Beginning with trips, visits, and times before they ever registered with my conscious memory, I had many friends. These friends weren’t from my neighborhood or from our church, and I wasn’t even old enough to be in school yet. Nevertheless, I had friends. And as each year passed it seemed as though I had more friends. These friends didn’t go away either, they were just always my friends (they still are), no matter how far time or distance took us from one another. These friends were, and are, my cousins.

I was born on the Canadian border, in northern Maine, and before I got back to the homestead in New Brunswick, I already had friends. I had cousins.

My mom will correct me if I’m wrong here, but I will throw this out there anyways. On my Dad’s side of the family there have been 9 cousins born to my Dad and his siblings. On my Mom’s side of the family there have been 40 cousins born to my Mom and her siblings. Now that’s a lot of friends! My cousins, my brothers, my sister, and I were all born over a span of many years. Naturally I was closer to some cousins than others by way of age, how often we were able to visit, which of course was affected by how far away we lived from our Aunts and Uncles.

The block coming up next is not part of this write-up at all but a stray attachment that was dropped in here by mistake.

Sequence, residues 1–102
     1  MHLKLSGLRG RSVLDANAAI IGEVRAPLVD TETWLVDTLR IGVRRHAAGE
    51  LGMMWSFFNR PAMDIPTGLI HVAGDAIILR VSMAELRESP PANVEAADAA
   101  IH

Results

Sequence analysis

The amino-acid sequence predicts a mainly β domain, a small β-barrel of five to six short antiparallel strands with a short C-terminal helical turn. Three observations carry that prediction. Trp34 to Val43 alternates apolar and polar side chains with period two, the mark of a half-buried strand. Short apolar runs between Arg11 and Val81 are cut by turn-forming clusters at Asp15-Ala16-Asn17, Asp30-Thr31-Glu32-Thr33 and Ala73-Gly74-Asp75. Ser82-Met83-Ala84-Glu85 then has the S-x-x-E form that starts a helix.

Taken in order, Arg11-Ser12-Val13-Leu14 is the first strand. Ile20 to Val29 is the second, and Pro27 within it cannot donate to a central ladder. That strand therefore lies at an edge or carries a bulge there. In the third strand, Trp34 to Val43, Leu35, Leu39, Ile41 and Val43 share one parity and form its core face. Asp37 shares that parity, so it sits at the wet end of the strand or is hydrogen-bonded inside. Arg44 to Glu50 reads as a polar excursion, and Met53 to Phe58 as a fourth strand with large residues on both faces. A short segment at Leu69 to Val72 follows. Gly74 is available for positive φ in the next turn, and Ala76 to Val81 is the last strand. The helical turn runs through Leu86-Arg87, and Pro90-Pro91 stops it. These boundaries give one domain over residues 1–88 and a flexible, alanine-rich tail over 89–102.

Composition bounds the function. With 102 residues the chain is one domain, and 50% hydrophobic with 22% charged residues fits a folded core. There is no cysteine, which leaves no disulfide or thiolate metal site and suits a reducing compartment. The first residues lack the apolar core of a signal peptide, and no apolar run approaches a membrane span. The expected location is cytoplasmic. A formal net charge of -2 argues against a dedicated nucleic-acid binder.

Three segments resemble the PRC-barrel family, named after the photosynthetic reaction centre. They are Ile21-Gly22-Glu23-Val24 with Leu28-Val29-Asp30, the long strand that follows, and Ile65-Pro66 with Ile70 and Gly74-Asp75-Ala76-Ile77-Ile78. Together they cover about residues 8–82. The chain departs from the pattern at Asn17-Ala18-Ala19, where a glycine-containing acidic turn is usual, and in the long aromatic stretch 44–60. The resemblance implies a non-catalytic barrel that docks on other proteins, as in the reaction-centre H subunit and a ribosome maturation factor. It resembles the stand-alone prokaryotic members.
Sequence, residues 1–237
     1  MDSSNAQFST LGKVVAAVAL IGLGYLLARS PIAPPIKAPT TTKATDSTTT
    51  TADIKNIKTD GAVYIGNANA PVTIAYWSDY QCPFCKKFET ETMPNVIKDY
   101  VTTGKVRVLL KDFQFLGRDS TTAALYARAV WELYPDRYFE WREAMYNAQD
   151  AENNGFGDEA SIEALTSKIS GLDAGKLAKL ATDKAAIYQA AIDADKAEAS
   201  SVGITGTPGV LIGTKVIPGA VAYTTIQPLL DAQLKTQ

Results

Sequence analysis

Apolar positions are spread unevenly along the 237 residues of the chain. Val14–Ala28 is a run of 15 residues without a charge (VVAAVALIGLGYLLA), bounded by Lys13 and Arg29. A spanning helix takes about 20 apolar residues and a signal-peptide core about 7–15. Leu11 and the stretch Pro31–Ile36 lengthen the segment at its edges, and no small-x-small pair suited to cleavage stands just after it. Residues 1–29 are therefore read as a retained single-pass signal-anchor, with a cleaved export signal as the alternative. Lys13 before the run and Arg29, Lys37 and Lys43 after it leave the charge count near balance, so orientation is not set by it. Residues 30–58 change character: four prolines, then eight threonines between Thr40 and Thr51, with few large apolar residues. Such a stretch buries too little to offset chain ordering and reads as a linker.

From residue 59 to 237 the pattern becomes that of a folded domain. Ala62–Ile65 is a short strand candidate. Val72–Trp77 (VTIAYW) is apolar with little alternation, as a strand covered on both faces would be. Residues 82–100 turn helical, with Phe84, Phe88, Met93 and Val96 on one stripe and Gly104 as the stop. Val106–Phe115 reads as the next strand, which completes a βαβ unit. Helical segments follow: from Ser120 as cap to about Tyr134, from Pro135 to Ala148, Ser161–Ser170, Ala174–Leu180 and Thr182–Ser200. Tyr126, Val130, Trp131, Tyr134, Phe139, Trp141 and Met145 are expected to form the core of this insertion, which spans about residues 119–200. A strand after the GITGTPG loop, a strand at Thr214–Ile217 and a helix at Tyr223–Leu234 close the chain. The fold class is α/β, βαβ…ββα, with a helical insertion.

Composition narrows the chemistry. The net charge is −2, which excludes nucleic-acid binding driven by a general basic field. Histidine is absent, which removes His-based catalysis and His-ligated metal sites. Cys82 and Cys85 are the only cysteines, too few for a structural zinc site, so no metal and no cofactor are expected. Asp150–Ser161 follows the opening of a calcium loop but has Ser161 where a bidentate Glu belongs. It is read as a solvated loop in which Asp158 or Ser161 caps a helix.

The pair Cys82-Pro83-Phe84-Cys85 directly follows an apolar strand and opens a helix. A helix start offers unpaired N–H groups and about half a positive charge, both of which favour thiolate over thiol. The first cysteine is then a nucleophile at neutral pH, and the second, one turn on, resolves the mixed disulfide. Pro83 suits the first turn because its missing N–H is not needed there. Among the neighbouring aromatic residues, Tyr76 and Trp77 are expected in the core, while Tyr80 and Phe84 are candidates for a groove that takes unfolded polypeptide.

So it was. Cousins everywhere. Our vacations included cousins. Our Holidays included cousins. Year after year, we saw cousins over and over again. My family and I grew up in New Hampshire, with cousins who were in Maine, New Brunswick, Ontario, and even out in Western Canada eventually. As grownups, we are all over the place now. But still, they’re my friends, they’re my cousins.